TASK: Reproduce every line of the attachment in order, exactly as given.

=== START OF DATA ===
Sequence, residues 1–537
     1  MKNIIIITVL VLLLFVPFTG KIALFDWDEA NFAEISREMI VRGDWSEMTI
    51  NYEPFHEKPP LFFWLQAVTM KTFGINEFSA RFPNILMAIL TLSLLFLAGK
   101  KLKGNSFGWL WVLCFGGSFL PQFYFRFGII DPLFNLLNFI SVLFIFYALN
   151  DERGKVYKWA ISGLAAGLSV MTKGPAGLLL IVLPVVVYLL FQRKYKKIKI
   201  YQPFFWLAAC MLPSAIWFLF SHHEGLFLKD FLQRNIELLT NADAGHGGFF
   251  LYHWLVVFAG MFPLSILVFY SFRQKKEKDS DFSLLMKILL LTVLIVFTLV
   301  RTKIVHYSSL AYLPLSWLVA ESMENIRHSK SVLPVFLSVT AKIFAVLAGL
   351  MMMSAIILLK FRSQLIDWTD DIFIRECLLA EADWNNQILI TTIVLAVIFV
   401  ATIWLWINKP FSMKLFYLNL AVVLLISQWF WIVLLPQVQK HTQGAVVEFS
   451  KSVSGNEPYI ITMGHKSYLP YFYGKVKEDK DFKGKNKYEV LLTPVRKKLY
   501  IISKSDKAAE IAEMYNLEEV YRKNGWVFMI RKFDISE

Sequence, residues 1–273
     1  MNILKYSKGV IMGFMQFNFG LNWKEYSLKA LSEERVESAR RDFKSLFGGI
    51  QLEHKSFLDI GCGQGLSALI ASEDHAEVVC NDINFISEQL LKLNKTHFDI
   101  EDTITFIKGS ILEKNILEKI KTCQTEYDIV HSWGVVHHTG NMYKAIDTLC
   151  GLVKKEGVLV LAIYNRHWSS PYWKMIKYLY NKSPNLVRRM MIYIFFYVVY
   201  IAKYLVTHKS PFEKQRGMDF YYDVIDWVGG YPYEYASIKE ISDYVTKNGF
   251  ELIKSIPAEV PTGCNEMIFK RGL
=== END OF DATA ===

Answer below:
Sequence, residues 1–537
     1  MKNIIIITVL VLLLFVPFTG KIALFDWDEA NFAEISREMI VRGDWSEMTI
    51  NYEPFHEKPP LFFWLQAVTM KTFGINEFSA RFPNILMAIL TLSLLFLAGK
   101  KLKGNSFGWL WVLCFGGSFL PQFYFRFGII DPLFNLLNFI SVLFIFYALN
   151  DERGKVYKWA ISGLAAGLSV MTKGPAGLLL IVLPVVVYLL FQRKYKKIKI
   201  YQPFFWLAAC MLPSAIWFLF SHHEGLFLKD FLQRNIELLT NADAGHGGFF
   251  LYHWLVVFAG MFPLSILVFY SFRQKKEKDS DFSLLMKILL LTVLIVFTLV
   301  RTKIVHYSSL AYLPLSWLVA ESMENIRHSK SVLPVFLSVT AKIFAVLAGL
   351  MMMSAIILLK FRSQLIDWTD DIFIRECLLA EADWNNQILI TTIVLAVIFV
   401  ATIWLWINKP FSMKLFYLNL AVVLLISQWF WIVLLPQVQK HTQGAVVEFS
   451  KSVSGNEPYI ITMGHKSYLP YFYGKVKEDK DFKGKNKYEV LLTPVRKKLY
   501  IISKSDKAAE IAEMYNLEEV YRKNGWVFMI RKFDISE

Sequence, residues 1–273
     1  MNILKYSKGV IMGFMQFNFG LNWKEYSLKA LSEERVESAR RDFKSLFGGI
    51  QLEHKSFLDI GCGQGLSALI ASEDHAEVVC NDINFISEQL LKLNKTHFDI
   101  EDTITFIKGS ILEKNILEKI KTCQTEYDIV HSWGVVHHTG NMYKAIDTLC
   151  GLVKKEGVLV LAIYNRHWSS PYWKMIKYLY NKSPNLVRRM MIYIFFYVVY
   201  IAKYLVTHKS PFEKQRGMDF YYDVIDWVGG YPYEYASIKE ISDYVTKNGF
   251  ELIKSIPAEV PTGCNEMIFK RGL